• H. N. Alexander LOGEMANN (ELTE Eötvös Loránd University, Hungary)
  • Anikó MARÁZ (Humboldt University of Berlin, Germany)
  • Astrid MÜLLER (Hannover Medical School, Germany)
  • Marc N. POTENZA (Yale University, USA)
  • Hans-Jurgen RUMPF (University of Lübeck, Germany)
  • Attila SZABÓ (ELTE Eötvös Loránd University, Hungary)
  • Róbert URBÁN (ELTE Eötvös Loránd University, Hungary)
  • Aviv M. WEINSTEIN (Ariel University, Israel)

Editorial Board

  • Max W. ABBOTT (Auckland University of Technology, New Zealand)
  • Elias N. ABOUJAOUDE (Stanford University School of Medicine, USA)
  • Hojjat ADELI (Ohio State University, USA)
  • Alex BALDACCHINO (University of Dundee, United Kingdom)
  • Alex BLASZCZYNSKI (University of Sidney, Australia)
  • Kenneth BLUM (University of Florida, USA)
  • Henrietta BOWDEN-JONES (Imperial College, United Kingdom)
  • Beáta BÖTHE (University of Montreal, Canada)
  • Wim VAN DEN BRINK (University of Amsterdam, The Netherlands)
  • Gerhard BÜHRINGER (Technische Universität Dresden, Germany)
  • Sam-Wook CHOI (Eulji University, Republic of Korea)
  • Damiaan DENYS (University of Amsterdam, The Netherlands)
  • Jeffrey L. DEREVENSKY (McGill University, Canada)
  • Naomi FINEBERG (University of Hertfordshire, United Kingdom)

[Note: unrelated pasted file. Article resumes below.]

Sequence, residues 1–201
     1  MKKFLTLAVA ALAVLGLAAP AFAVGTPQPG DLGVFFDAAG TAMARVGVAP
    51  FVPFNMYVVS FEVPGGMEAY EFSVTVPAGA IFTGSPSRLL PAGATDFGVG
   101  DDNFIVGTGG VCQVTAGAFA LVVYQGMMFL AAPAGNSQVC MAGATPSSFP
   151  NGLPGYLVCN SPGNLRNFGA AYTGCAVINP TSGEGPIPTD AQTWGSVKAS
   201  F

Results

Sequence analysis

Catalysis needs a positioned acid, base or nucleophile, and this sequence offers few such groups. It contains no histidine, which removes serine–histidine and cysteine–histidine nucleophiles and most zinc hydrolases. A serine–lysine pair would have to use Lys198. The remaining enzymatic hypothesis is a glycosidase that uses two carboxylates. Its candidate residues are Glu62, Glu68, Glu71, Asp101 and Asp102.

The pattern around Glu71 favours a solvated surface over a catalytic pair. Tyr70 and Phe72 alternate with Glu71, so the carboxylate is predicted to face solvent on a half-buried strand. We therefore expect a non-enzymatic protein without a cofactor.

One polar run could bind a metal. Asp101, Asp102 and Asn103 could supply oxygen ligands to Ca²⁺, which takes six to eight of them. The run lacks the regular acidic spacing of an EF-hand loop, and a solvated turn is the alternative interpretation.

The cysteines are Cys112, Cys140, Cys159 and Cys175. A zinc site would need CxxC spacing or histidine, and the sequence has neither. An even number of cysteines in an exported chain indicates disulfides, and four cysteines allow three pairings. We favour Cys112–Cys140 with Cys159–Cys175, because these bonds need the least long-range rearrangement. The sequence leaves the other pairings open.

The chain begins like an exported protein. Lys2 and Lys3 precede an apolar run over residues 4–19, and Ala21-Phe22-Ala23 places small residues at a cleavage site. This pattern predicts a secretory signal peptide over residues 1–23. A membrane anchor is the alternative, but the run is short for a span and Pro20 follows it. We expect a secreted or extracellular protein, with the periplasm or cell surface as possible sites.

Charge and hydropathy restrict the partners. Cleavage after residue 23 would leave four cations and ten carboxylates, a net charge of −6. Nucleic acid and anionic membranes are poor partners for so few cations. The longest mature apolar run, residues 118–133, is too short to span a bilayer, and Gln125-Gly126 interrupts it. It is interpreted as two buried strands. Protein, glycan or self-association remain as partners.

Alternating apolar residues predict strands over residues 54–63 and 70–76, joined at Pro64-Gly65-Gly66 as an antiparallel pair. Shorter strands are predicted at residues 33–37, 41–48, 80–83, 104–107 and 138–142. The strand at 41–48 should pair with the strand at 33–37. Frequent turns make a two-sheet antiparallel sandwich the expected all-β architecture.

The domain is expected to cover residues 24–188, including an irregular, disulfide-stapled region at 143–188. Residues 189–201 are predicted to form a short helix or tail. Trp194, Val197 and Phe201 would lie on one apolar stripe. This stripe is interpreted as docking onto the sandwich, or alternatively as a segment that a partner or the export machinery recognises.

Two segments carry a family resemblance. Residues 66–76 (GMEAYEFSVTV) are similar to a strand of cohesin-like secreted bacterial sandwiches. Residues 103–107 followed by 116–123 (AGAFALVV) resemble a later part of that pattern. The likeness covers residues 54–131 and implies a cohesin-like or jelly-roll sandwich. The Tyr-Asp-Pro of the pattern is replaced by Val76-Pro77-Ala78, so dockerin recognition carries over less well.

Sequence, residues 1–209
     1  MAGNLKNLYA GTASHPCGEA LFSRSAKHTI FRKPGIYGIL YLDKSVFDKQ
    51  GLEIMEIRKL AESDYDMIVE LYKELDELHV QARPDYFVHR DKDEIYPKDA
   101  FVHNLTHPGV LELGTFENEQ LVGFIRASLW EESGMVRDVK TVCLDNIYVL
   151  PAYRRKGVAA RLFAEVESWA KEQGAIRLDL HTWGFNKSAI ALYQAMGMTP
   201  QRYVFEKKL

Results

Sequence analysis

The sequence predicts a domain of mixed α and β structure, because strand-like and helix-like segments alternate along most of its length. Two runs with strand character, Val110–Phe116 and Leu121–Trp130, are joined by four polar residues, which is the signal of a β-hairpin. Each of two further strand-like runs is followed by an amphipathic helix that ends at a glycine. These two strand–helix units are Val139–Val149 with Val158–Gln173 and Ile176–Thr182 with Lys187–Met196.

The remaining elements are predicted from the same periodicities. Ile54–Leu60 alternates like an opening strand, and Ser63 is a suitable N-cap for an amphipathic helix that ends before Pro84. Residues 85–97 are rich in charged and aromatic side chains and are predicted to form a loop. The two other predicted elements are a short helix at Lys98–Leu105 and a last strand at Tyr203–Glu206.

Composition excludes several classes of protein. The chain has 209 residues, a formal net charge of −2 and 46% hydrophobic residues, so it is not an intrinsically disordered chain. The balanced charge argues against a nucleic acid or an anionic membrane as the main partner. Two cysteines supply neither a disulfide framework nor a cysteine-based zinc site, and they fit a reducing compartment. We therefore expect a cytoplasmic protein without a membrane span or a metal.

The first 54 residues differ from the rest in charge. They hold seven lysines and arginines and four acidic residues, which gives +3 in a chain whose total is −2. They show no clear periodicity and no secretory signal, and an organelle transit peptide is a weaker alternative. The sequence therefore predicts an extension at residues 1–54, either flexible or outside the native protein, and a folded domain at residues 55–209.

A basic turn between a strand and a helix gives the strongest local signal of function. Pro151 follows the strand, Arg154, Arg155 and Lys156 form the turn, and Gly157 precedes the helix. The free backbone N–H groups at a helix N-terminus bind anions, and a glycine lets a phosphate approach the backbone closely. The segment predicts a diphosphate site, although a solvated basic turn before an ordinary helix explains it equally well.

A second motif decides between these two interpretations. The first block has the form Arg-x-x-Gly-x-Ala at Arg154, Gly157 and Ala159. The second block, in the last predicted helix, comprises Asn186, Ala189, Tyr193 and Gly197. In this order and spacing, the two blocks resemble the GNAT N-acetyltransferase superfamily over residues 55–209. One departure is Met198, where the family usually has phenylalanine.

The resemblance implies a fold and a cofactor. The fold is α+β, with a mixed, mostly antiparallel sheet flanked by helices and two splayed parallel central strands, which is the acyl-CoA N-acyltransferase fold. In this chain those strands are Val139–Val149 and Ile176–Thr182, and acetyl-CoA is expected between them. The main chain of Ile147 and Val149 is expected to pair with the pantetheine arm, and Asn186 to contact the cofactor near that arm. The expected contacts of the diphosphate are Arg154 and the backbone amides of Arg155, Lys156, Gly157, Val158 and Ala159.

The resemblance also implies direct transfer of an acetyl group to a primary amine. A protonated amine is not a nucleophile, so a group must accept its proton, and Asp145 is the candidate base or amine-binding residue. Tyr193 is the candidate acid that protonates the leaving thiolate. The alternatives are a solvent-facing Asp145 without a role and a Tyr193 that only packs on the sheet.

• Marie GRALL-BRONNEC (University Hospital of Nantes, France)
  • Jon E. GRANT (University of Minnesota, USA)
  • Mark GRIFFITHS (Nottingham Trent University, United Kingdom)
  • Heather HAUSENBLAS (Jacksonville University, USA)
  • Tobias HAYER (University of Bremen, Germany)
  • Susumu HIGUCHI (National Hospital Organization Kurihama Medical and Addiction Center, Japan)
  • David HODGINS (University of Calgary, Canada)
  • Eric HOLLANDER (Albert Einstein College of Medicine, USA)
  • Jaeseung JEONG (Korea Advanced Institute of Science and Technology, Republic of Korea)
  • Yasser KHAZAAL (Geneva University Hospital, Switzerland)
  • Orsolya KIRÁLY (Eötvös Loránd University, Hungary)
  • Emmanuel KUNTSCHE (La Trobe University, Australia)
  • Hae Kook LEE (The Catholic University of Korea, Republic of Korea)
  • Michel LEJOXEUX (Paris University, France)
  • Anikó MARÁZ (Eötvös Loránd University, Hungary)
  • Giovanni MARTINOTTI (‘Gabriele d’Annunzio’ University of Chieti-Pescara, Italy)
  • Frederick GERARD MOELLER (University of Texas, USA)
  • Daniel Thor OLASON (University of Iceland, Iceland)
  • Nancy PETRY (University of Connecticut, USA)
  • Bettina PIKÓ (University of Szeged, Hungary)
  • Afarin RAHIMI-MOVAGHAR (Teheran University of Medical Sciences, Iran)
  • József RÁCZ (Hungarian Academy of Sciences, Hungary)
  • Rory C. REID (University of California Los Angeles, USA)
  • Marcantanio M. SPADA (London South Bank University, United Kingdom)
  • Daniel SPRITZER (Study Group on Technological Addictions, Brazil)
  • Dan J. STEIN (University of Cape Town, South Africa)
  • Sherry H. STEWART (Dalhousie University, Canada)
  • Attila SZABÓ (Eötvös Loránd University, Hungary)
  • Ferenc TÚRY (Semmelweis University, Hungary)
  • Alfred UHL (Austrian Federal Health Institute, Austria)
  • Johan VANDERLINDEN (University Psychiatric Center K.U.Leuven, Belgium)
  • Alexander E. VOISKOUNSKY (Moscow State University, Russia)
  • Kimberly YOUNG (Center for Internet Addiction, USA)